CFP: Women’s Friendships in 20th- and 21st-century Literature Culture (Deadline for abstract: 4.1.2019)

Call for Papers: Women’s Friendships in 20th- and 21st-century Literature and Culture

We are seeking scholarly essays (7000-9000 words) for an edited book collection on portrayals of women’s friendship in 20th- and 21st-century American literature and culture.

While much scholarship on women’s literature has addressed motherhood, sisterhood, and sexual relationships, less has focused on women’s friendships. The 2016 special issue of Feminist Studies devoted to women’s friendships situated literary portrayals of female friendship within the contexts of classical models of male friendship and real-world accounts of women’s relationships, but much work remains to be done. Friendship itself has been under-theorized and narratives of women’s friendships often repeat static tropes. They are romanticized as sources of always-available support, minimized as precursors to the ultimate fulfillment of heterosexual marriage, and demonized as facades masking envy and competition. Systemic patriarchal structures can impede and restrict women’s friendships and our interpretations of them. The book will explore cultural portrayals of women’s friendship in fiction, women’s life writing, nonfiction, film, poetry, and women’s popular culture and seeks to address the complexities of how 20th and 21st century cultural texts construe women’s friendships.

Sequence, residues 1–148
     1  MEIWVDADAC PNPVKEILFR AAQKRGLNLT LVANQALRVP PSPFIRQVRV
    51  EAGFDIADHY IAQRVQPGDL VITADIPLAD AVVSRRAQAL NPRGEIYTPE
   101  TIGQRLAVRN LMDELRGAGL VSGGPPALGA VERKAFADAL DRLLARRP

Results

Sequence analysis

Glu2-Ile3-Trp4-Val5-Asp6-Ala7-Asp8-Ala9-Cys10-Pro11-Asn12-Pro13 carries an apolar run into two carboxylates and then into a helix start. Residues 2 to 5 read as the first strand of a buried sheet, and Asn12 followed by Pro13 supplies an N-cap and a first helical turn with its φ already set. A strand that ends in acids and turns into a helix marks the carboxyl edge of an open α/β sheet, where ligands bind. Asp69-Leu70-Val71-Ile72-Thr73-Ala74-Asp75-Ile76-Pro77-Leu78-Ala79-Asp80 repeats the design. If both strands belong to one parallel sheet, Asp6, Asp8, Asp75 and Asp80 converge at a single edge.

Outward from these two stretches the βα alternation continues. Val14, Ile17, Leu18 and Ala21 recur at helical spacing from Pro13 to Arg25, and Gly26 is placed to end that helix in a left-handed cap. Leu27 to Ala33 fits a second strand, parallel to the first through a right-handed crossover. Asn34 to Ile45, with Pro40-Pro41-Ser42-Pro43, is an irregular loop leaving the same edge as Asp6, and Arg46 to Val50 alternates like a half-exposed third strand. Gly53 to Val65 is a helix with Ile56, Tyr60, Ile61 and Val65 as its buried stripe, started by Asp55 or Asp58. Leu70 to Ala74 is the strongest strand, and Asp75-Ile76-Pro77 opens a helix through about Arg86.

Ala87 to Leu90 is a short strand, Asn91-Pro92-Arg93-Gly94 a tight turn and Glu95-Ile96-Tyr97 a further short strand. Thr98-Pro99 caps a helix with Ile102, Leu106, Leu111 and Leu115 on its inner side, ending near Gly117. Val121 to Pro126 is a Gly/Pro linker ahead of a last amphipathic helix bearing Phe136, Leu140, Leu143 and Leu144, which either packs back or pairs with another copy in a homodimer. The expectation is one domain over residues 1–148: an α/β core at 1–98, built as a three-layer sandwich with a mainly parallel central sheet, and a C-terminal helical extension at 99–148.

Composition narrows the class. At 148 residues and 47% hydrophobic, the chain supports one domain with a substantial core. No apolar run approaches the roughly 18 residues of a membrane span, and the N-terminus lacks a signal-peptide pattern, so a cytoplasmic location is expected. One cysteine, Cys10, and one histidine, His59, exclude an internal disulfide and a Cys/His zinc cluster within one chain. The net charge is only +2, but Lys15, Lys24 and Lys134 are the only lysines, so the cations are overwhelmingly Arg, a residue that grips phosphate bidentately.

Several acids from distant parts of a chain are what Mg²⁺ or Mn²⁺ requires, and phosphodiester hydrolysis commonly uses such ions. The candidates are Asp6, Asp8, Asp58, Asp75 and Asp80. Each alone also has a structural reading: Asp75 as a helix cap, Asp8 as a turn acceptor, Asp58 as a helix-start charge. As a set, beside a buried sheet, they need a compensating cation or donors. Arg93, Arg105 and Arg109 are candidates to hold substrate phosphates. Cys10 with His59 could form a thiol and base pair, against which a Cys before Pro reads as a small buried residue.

We seek essays that disrupt or write in opposition to patriarchal heteronormative tropes of women’s friendships extant in contemporary American literature and culture. Such tropes include the marriage plot, Boston marriages, and black women’s salons during the Harlem Renaissance. We pose the following question: What does women’s friendship look like beyond the gaze and imagination of this patriarchal heterosexist metanarrative?

  • Possible topics include but are not limited to
  • Friendships across differences of race, class, age, or politics
  • Power dynamics in women’s friendships
  • Friendship and adolescent identity formation
  • Adult women’s friendships
  • Envy and competition in women’s friendships
  • Friendships at work
  • Friendships formed through political activism
  • The role of friendship in coming-of-age stories
  • Friendship as acts of resistance
  • Friendships arising out of shared political commitment
  • The failure of the racial ally as a model of female friendship
  • How women interpret and relate to each other’s bodies

Send 500-word abstracts and a brief biographical statement (fewer than 60 words) to or by April 1, 2019. We will respond by the first week in May. Completed essays will be due September 1, 2019.